Sunday, March 11, 2012

Ex-Home Flipping King Describes Massive C. Fla. Mortgage Fraud In Effort To Belly Up To Feds, Throw Dozens Under The Bus, Cut Himself Sweet Plea Deal

In Tampa, Florida, the Sarasota Herald Tribune reports:

  • At the height of the real estate boom, Craig Adams was a wealthy man. [...] But Adams' wealth was all built on illegal real estate flips and millions upon millions of borrowed money. When banks stopped lending with a precipitous drop in real estate during late 2006 and early 2007, everything Adams had once viewed as an asset soon became a liability.

  • Desperate to come up with cash to make interest payments of more than $100,000 per month, he turned from cheating banks out of money to cheating his friends and longtime business associates.

  • "The time had come when it was every man for himself," Adams testified this week in U.S. District Court, where he has been recounting his role as the mastermind of one of the largest and longest-lasting flipping fraud cases in Florida history. "I had to protect my mother and my aunt. I had to protect my interests."

  • Adams began borrowing heavily from a long list of financial backers and business associates, [...]. At the same time, he refused to distribute about $200,000 to his protégé and chief co-conspirator, Rich Bobka, and he drafted bogus investment documents to defraud a friend of 20 years — David Oriente — out of nearly $500,000. While the cash he raised allowed him to delay the inevitable for a few months, the consequences of his actions are still being felt today in Southwest Florida.

  • If he had not cheated Oriente, there is at least the possibility that Adams would not have been indicted. There also is the possibility that the extent of his crimes and the involvement of at least 90 of his friends and business associates might have remained at least partially hidden.

  • But when Oriente threatened to go to police, Adams turned himself in and began to help the government round up the participants in his 11-year crime spree.(1)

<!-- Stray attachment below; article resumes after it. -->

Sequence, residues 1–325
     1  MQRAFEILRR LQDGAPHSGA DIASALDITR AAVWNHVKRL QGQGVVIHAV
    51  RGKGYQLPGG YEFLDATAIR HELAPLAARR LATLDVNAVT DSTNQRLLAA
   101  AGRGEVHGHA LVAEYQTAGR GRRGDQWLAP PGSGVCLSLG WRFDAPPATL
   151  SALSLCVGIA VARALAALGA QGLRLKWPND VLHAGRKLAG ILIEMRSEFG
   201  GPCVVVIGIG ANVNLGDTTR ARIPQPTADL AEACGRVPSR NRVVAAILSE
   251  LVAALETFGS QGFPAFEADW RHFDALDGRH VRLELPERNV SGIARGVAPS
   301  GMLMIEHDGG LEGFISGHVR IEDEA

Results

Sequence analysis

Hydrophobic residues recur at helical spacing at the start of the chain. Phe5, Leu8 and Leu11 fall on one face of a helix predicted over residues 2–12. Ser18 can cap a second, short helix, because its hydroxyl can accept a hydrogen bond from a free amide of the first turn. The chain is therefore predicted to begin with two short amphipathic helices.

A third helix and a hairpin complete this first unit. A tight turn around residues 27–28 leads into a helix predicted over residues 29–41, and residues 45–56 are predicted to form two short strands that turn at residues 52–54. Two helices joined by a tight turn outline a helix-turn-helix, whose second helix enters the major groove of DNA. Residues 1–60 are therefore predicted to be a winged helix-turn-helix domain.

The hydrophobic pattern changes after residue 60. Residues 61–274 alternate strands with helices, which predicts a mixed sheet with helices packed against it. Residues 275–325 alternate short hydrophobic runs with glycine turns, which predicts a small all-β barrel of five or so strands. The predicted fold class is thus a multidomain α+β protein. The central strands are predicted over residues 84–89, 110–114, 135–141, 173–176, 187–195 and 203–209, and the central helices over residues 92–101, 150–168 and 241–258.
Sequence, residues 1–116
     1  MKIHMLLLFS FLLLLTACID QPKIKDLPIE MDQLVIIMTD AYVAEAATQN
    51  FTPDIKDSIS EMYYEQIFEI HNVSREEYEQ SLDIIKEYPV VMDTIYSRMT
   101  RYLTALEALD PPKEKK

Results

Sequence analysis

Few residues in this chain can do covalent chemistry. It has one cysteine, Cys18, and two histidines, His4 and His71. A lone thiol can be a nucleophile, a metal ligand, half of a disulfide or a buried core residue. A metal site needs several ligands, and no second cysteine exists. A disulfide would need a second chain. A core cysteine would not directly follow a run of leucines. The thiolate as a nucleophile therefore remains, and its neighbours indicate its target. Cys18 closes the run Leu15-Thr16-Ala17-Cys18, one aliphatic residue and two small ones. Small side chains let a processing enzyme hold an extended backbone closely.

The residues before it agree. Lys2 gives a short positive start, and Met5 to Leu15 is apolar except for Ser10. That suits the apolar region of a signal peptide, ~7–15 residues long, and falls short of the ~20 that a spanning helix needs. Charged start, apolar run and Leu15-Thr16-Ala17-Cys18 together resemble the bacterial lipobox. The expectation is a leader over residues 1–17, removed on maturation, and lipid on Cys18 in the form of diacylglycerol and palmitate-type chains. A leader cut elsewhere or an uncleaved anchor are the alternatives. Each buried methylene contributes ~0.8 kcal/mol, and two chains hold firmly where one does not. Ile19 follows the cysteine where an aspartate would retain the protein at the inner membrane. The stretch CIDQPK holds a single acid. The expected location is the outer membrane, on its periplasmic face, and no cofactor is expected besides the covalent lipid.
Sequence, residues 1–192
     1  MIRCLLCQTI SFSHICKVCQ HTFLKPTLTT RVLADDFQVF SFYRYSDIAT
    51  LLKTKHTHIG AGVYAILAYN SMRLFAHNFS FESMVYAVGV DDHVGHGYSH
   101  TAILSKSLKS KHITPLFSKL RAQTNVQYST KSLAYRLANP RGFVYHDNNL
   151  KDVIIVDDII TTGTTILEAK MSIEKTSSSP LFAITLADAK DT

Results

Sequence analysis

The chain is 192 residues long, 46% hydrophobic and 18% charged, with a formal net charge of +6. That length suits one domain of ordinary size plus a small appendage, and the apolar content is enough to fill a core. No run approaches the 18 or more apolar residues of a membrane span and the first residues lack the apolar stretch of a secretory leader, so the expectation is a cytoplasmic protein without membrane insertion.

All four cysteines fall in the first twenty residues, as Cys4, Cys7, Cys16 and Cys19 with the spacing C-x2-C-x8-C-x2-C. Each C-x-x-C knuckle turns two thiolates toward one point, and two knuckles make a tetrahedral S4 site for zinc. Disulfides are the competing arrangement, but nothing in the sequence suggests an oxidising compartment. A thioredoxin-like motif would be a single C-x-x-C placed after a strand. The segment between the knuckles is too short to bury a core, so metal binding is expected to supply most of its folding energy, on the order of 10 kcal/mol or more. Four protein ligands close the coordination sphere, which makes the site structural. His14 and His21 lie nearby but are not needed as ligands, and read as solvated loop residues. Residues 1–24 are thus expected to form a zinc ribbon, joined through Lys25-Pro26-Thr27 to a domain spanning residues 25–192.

• So far, 15 have been indicted and pleaded guilty, while three others [...] have opted to go to trial. This week, during their trial, there also were strong indications that the government is not done with the case, and that other co-conspirators may yet be indicted.

  • During his three days on the stand, Adams has named 70 people who he said were involved in the scheme — a number that includes 14 loan officers, four title agents, four attorneys and a smattering of other key real estate, investment and accounting professionals. Adams explained how he and these dozens of others inflated real estate prices by flipping properties to one another. He recounted how that allowed them to get larger loans than they could have otherwise by lying about their income and assets on loan applications.(2)

For more, see Adams describes turning on co-conspirators in flip fraud.

(1) "When a conspiracy is exposed by an arrest or execution of search warrants, soon-to-be defendants know that the first one to "belly up" and tell what he knows receives the best deal. The pressure is to bargain and bargain early, even if an indictment has not been filed." United States v. Moody, 206 F.3d 609, 617 (6th Cir. 2000) (Wiseman, J., concurring) (referring to the not-uncommon 'race to the prosecutor's office' that breaks out among participants in an 'about-to-fall-apart' criminal conspiracy).

(2) Another example of a squealing schemer abandoning a conspiracy, not unlike a filthy rat jumping off a sinking ship, winning the race to the prosecutor's office and taking down fellow co-conspirators by 'throwing them under the bus' to score a better break on a plea deal. Vrooooom!!!

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